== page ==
1 Gelfand,B 2755 * ½ 1 1.5/2 1.50
2 Mamedyarov,S 2753 * ½ 1 1.5/2 1.50
3 Carlsen,M 2864 * ½ 1 1.5/2 0.50
4 Karjakin,S 2782 ½ ½ * 1.0/2 1.50
5 Morozevich,A 2760 ½ * ½ 1.0/2 1.25
6 Andreikin,D 2713 ½ * ½ 1.0/2 0.75
7 Caruana,F 2774 0 * 1 1.0/2 0.50
8 Nakamura,H 2784 0 * 1 1.0/2 0.00
9 Anand,V 2786 ½ 0 * 0.5/2
10 Kramnik,V 2803 0 0 * 0.0/2


The 8th Tal Memorial takes place June 12-23, 2013 at the technology center Digital October in Moscow, Russia. The total prize fund is 100,000 EUR. The official website is providing live games, streaming video and commentary in Russian by GMs Alexander Grischuk, Peter Svidler, Sergey Rublevsky and Sergey Shipov. The games start each day at 15:00 local time which is 16:00 CET, 10:00 EDT and 07:00 PDT. The last round starts two hours earlier. Photos © Eteri Kublashvili courtesy of the Russian Chess Federation. Games via TWIC.

Leído 8919 veces 41 comentarios
7 votos

Comentarios


  • hace 17 meses

    soumitra13

    thanx

  • hace 17 meses

    melvinbluestone

    Maybe Kramnik got tired of that annoying epithet "drawnik" that's occasionally applied to him.

  • hace 17 meses

    Sid_Hawkins

    Could someone find out and post the time control for the tournament?  I couldn't find it anywhere.

  • hace 17 meses

    ErwinSachs

    Gelfand played the niadorf so well...it looked a thing of absolute beauty..although it seemed to me that Caruana played somewhat passively.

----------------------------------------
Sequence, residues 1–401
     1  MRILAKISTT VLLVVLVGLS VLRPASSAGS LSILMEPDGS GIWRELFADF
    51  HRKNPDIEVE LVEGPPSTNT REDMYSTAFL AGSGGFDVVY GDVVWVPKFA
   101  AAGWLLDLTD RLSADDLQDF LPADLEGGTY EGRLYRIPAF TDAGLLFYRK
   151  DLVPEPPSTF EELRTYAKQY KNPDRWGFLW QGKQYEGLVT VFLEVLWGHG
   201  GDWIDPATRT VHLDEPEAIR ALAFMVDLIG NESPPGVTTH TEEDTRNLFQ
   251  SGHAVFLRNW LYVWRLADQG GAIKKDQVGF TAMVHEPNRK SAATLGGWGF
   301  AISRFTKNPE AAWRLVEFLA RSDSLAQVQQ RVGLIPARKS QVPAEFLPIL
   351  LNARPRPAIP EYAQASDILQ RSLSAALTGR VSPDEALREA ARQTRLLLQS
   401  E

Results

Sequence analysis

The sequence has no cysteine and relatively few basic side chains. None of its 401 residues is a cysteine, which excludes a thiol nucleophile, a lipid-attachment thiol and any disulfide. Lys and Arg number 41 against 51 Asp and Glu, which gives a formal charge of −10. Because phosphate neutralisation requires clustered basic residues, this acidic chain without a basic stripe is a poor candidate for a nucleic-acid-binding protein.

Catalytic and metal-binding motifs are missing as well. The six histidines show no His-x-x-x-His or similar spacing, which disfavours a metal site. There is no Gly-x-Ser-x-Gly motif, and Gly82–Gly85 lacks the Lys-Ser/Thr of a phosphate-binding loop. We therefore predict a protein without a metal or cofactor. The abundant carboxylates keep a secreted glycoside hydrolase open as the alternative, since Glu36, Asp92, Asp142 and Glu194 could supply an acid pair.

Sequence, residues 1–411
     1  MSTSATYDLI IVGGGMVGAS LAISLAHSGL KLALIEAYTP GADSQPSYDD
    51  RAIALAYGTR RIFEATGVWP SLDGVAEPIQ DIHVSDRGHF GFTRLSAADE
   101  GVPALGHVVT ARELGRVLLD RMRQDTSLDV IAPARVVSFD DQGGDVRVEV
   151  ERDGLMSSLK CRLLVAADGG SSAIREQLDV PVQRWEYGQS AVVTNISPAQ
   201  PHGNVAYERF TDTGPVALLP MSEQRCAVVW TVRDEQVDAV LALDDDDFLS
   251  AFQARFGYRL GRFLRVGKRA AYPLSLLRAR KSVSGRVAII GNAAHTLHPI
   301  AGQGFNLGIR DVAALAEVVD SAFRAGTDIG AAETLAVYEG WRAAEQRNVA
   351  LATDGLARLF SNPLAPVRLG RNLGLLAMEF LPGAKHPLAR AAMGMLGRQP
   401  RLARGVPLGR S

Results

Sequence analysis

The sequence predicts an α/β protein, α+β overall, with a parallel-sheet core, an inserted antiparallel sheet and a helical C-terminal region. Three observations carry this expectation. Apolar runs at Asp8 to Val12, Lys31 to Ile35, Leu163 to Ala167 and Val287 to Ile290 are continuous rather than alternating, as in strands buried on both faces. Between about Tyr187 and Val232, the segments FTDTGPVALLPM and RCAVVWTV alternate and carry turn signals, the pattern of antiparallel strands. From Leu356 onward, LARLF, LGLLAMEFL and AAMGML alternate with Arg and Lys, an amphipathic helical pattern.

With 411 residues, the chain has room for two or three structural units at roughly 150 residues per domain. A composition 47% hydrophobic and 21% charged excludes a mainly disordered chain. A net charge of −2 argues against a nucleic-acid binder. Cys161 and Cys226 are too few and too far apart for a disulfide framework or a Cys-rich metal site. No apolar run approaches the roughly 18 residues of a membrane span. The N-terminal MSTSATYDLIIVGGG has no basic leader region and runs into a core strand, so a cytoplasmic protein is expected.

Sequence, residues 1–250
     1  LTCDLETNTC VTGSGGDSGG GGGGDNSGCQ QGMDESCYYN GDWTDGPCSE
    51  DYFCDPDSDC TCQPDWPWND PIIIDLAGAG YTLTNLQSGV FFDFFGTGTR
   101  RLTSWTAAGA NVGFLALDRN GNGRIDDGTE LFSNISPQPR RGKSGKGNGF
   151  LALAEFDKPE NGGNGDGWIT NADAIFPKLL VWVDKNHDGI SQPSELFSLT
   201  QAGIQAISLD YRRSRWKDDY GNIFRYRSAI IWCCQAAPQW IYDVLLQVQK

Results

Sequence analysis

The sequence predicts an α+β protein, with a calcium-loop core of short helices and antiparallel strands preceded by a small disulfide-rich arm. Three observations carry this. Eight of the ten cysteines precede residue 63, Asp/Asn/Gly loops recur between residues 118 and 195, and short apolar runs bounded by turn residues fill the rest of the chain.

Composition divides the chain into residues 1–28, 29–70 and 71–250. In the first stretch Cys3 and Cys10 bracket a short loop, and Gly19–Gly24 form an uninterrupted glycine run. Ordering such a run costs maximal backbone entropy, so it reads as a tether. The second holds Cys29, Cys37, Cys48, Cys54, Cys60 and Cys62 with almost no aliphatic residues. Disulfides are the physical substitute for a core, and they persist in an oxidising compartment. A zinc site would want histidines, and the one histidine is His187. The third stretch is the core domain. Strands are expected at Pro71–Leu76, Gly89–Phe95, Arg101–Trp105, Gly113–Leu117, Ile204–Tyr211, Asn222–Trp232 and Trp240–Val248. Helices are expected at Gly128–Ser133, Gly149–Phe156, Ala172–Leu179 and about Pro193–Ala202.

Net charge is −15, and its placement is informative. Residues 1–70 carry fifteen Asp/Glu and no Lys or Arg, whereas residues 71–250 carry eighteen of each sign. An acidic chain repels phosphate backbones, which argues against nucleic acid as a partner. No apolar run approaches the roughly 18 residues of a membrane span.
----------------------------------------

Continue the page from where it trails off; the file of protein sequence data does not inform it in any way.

• hace 17 meses

    BrankoSurovina

    nakamur a is currently  the best player in the world. Naka only continue to

  • hace 17 meses

    Czechman

    Naka haters - The line forms to the left. No pushing or shoving please.

  • hace 17 meses

    drumdaddy

    Five decisions, five draws. The Tal is off to a racing start.

  • hace 17 meses

    JBades6310

    haha I've noticed there's a lot of vitriol coming Nakamura's way from non-US chess.com members... for example godbobby, what's your problem?

  • hace 17 meses

    godbobby

    Namakura u bloody lucky bastard!!!!!!!!!  come on kramnik show to this world ur world champion and great "Grandmaster"$$$$$$$$$

  • hace 17 meses

    satorichess

    Fabiano Caruana a very young and talented Italian/USA GM. Go man

  • hace 17 meses

    -_KNiGHt_-

    Great games!!

  • hace 17 meses

    Zinsch

    Nakamura didn't play a good game. He gave Kramnik a +2 advantage at some point. That's usually too much and should have been a loss for him. So no need to claim he is going to be a future WC after one win.